But since ST supports all 3 why limit yourself to just one technology?


(Kenneth C) #11

Wi-fi can be tricky and not as PNP as Zigbee, but if you understand AP placement and channel allocation it can be bullet proof. As for the “wireless” aspect of the devices, the power requirements is the biggest hurdle.

So I started a chat session with Elliot from ST Support. He removed all my Zigbee devices (with my permission) and started the process to reform my Zigbee mesh. It seems to have helped… I can add zigbee devices and they seem to be responding correctly.

While I’m appreciative of the outcome, its still a bit concerning that I needed intervention from support to fix the issue. And it involved removal of all my Zigbee devices… which is fine at the moment because none are critical and there were only a handful. The thermostat and spruce controller probably the biggest inconvenience since they aren’t close to the Hub.

So besides, my issues… What major manufacturer is going to back the Zigbee protocol? Will the day come that I can walk into Home Depot or Ace Hardware and readily purchase a Zigbee HA device? The “Thread” protocol is new to me… I’ll have to read up on it. So should we all stop investing in devices and wait HA until “matures”?


#12

I can’t speak to the peculiarities of the SmartThings platform for either protocol (and they exist for both), but the following from the community – created wiki should be of interest:

http://thingsthataresmart.wiki/index.php?title=Z-wave_versus_Zigbee


(Kenneth C) #13

That’s good information. Personally, my experiences have historically been better with Zigbee. For instance, my recent exercise of replacing sensors with Z-wave gave me the opportunity to compare and contrast. The ST motion sensor have much less delay in reporting triggers than the Aeon Multsensor6 (Gen5)… its just a second or fraction… but it seems noticeable.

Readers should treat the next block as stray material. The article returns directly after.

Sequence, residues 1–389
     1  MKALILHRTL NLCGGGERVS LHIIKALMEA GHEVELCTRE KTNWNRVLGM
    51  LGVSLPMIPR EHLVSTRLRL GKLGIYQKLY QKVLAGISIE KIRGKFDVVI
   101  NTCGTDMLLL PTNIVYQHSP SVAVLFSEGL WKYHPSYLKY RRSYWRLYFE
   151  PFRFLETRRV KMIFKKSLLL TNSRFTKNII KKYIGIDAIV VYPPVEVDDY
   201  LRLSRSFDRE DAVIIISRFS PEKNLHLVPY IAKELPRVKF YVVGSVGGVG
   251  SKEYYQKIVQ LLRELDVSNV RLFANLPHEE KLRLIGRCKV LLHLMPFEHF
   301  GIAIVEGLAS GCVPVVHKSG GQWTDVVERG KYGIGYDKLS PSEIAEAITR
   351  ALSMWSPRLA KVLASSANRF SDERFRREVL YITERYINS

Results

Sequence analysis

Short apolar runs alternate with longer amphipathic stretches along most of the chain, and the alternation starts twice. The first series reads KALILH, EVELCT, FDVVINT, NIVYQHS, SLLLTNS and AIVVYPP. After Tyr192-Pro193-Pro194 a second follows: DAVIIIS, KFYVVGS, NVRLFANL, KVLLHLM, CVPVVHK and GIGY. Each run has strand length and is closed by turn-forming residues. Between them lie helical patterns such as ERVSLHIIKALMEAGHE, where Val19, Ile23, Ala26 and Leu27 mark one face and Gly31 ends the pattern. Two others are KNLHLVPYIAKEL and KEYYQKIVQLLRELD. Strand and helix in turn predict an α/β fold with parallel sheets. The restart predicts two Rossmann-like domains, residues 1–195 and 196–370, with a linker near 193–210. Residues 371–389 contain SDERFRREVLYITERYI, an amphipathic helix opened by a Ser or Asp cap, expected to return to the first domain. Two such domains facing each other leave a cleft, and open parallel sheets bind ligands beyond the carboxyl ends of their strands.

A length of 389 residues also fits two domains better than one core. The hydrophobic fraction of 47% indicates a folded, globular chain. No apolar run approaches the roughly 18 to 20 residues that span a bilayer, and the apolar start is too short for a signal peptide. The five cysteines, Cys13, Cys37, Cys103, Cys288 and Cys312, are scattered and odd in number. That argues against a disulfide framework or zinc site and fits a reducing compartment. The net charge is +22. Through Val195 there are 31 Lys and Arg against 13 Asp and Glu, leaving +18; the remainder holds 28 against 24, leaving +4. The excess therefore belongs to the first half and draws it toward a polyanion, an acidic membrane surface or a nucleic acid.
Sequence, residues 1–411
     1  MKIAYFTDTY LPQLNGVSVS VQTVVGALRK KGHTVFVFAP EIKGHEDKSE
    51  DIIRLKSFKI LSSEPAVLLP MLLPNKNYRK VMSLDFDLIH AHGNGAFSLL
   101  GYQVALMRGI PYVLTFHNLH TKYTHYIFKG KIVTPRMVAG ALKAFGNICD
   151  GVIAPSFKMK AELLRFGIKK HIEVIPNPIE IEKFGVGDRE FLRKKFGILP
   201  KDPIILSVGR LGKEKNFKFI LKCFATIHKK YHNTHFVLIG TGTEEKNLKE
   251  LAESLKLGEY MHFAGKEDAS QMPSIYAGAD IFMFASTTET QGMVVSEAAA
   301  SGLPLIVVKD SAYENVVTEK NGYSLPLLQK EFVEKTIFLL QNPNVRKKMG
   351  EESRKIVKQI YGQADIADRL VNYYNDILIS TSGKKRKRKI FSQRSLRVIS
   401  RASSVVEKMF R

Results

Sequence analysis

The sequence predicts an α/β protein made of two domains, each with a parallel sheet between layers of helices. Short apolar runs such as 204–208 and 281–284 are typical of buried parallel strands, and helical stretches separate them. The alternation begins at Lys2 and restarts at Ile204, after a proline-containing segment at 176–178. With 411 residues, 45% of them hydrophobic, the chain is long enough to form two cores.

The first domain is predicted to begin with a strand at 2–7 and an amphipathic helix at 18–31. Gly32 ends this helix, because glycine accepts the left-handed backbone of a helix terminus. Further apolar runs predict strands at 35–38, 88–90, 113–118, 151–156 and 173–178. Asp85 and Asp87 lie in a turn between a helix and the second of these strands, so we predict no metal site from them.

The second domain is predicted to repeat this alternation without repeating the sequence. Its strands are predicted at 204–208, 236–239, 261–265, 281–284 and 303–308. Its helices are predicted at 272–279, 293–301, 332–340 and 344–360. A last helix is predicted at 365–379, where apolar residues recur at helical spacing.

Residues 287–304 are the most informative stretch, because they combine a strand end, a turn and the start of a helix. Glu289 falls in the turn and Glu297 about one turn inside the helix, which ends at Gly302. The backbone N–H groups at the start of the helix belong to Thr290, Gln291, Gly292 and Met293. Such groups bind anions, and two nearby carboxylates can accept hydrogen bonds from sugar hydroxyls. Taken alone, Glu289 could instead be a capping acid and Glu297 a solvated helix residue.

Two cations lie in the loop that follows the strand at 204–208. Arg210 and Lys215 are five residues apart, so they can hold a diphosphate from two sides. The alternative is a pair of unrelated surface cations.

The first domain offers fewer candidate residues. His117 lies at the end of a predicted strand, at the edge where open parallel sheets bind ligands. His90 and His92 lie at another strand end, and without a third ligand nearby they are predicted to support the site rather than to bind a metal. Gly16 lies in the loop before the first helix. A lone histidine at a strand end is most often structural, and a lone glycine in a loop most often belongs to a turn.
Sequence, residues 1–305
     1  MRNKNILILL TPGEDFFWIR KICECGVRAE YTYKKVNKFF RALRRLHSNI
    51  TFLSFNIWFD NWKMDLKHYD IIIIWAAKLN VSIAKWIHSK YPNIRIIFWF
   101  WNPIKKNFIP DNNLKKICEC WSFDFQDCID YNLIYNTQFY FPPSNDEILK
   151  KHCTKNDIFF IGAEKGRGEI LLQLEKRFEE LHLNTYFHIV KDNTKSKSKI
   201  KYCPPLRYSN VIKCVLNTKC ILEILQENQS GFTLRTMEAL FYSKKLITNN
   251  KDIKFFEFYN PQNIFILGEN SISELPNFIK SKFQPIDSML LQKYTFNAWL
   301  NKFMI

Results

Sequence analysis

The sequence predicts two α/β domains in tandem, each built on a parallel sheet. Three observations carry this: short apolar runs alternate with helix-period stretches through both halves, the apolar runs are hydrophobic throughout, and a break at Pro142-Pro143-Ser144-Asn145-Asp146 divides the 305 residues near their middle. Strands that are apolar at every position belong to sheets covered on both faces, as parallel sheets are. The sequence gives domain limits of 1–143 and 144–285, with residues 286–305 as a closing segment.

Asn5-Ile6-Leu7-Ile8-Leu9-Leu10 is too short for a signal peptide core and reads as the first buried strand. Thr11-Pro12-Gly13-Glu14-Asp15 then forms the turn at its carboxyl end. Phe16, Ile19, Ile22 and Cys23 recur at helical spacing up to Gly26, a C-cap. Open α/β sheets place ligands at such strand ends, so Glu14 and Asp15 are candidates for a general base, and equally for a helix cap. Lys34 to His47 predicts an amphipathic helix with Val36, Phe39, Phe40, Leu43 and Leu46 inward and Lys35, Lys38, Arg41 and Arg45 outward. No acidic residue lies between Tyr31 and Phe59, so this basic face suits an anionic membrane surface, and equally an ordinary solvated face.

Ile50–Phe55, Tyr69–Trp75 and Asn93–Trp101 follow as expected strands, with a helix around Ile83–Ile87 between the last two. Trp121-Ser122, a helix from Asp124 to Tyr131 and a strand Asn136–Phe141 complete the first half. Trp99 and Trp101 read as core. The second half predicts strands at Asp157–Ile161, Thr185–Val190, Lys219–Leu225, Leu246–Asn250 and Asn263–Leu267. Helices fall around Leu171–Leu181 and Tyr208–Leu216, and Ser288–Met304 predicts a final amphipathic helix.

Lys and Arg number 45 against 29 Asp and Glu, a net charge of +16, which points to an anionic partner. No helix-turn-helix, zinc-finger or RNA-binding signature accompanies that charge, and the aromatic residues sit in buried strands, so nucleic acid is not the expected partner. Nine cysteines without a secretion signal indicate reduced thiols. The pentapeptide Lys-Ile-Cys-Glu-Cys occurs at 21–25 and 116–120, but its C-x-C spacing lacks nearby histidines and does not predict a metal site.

As for Smartthings stance, it could be implied that they support / prefer Zigbee through their device types. Another clue is the column headings in the Device List. :slight_smile:

Regardless… its nice to have my ZIgbee devices back. Its also nice to be able to walk into Lowes / Home Depot to pick up Z-wave devices… BTW from the device list, GE seems to have both ZigBee and Z-Wave devices. I’ve never seen Zigbee protocol devices at the hardware store.

I truly hope a tool comes to market to assist the homeowner troubleshoot Zigbee. Sniffing packets isn’t fun, but could come in handy to check if packets are hitting the Hub or blackholed into some bad Zigbee repeater.

@JDRoberts - Maybe a few tips for troubleshooting or repairing Z-wave or Zigbee would be nice articles to start. A quick diagram/ animation on a good, better and best repeater placement in a common 2-3 level home might be a good addition also. Just suggestions :slight_smile: Again, great site with good information!